My dissertation, tentatively entitled, “Unsettled Belonging: Religion, Globalization, and Korean Migration in the Americas,” is a multi-sited ethnography of Korean mobility that examines the migratory networks and cultural imaginaries articulated by and through the Korean diaspora, with a focus on Korean migrants and their descendants in Mexico. Utilizing archival research, ethnographic fieldwork and in-depth interviews, I study migration policies, cultural products, religious networks, and diaspora organizations—the transpacific and hemispheric infrastructures that bring Koreans to and from Mexico. From 2017-2018, I was a Fulbright García-Robles research scholar at the Universidad Autónoma Metropolitana, Iztapalapa in Mexico City. Before coming to UC Berkeley, I was a Fulbright English Teaching Assistant in South Korea from 2012-2014.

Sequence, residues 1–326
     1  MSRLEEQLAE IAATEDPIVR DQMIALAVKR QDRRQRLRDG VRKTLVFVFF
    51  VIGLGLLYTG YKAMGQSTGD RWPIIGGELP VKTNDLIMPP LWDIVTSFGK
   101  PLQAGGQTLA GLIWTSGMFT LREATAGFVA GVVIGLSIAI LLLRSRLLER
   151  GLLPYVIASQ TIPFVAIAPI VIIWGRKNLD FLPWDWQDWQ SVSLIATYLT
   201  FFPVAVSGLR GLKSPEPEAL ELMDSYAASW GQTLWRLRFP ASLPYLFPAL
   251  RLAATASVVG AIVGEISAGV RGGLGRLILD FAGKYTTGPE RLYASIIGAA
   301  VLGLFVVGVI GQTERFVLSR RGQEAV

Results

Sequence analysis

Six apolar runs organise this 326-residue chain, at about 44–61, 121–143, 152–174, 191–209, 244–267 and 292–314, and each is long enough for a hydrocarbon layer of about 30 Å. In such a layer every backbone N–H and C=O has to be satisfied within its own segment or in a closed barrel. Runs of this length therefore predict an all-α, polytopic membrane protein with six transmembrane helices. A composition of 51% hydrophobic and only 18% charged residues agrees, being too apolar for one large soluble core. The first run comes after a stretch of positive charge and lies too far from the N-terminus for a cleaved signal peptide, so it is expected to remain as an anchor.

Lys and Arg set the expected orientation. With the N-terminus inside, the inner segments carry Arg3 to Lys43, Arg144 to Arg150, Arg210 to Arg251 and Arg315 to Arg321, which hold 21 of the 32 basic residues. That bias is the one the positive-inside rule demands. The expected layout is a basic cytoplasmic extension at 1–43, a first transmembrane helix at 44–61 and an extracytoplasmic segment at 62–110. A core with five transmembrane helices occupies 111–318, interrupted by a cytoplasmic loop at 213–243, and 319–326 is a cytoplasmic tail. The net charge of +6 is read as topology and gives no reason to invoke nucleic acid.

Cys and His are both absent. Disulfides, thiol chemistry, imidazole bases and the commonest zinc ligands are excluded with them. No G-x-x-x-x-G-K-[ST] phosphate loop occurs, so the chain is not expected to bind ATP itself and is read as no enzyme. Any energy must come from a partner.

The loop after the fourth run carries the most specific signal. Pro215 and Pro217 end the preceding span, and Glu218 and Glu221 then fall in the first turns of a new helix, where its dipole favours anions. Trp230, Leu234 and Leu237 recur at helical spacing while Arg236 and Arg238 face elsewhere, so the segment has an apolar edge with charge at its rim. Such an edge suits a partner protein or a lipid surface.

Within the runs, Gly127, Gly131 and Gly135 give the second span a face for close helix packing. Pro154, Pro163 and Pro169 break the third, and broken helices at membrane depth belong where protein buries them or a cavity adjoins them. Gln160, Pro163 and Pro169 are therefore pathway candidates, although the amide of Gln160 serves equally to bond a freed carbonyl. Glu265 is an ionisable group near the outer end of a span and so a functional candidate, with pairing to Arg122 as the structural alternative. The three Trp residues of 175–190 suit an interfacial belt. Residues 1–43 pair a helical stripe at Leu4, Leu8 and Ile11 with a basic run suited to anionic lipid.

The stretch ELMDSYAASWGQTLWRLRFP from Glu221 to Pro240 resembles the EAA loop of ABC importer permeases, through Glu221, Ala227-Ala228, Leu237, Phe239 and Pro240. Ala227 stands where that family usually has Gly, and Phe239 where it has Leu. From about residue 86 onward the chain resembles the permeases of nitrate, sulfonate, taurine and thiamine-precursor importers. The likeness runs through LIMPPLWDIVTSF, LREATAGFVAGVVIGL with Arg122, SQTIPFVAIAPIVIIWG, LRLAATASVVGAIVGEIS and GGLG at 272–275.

Elena Schneider (History)
Graduate Student Instructor, Asian American Studies W20AC: Asian American Communities and Race Relations, Fall 2018, UC Berkeley
Graduate Student Instructor, Asian American Studies R2A: Reading and Composition (“Religion”)
Fall 2015, Fall 2016, UC Berkeley
Lead Instructor, Interdisciplinary Studies 110: YA Fantasy & Popular Culture
Spring 2012, University of Virginia